It is believed that The Great Strange Dance of Life was originally published by Charles Carrington in a limited edition of 100 copies, its four portfolios containing some of the most poignant yet bizarre erotic illustrations to come out of the fin de siècle. The references to the industrial revolution, to the Victorian ethic, to the problems of youth with its forbidden erotic fantasies, and aged men gasping for their last leap at sexual pleasure, indicate a strong sensitivity on the part of van Maële.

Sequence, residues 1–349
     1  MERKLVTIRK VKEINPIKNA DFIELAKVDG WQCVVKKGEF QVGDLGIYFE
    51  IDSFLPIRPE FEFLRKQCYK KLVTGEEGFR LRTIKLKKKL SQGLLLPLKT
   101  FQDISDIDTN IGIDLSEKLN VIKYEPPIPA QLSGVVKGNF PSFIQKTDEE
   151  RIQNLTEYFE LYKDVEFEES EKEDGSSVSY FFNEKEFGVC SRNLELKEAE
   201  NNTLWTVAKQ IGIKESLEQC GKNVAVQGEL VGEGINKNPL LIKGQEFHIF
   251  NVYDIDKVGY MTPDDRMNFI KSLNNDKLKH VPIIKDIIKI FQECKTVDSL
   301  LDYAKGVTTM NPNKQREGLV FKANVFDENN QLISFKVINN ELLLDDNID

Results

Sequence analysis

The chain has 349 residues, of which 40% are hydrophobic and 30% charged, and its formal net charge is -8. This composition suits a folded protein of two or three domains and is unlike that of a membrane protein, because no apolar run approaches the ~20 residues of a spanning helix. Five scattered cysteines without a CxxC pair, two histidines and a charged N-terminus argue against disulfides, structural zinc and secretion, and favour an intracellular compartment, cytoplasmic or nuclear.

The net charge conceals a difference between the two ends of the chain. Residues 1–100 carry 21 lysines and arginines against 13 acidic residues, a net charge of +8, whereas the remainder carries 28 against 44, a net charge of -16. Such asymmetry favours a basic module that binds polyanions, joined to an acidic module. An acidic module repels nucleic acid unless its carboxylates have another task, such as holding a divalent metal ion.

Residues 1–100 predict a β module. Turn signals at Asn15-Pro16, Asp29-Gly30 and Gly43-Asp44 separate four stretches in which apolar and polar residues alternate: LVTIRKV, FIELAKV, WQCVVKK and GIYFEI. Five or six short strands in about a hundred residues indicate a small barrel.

Many of the works bear captions in idiomatic French that are amusing and satirical, and several of the works bear dedications to friends of the artist. All of the works bear out a vivid imagination, a master’s hand with drypoint, and a great craftsman’s sense of the art of etching.
A selection of the etchings from La grande danse macabre des vifs were used later to illustrate a 1919 edition of Pierre Louÿs’ Manuel de civilité pour les petites filles à l’usage des maisons d’éducation.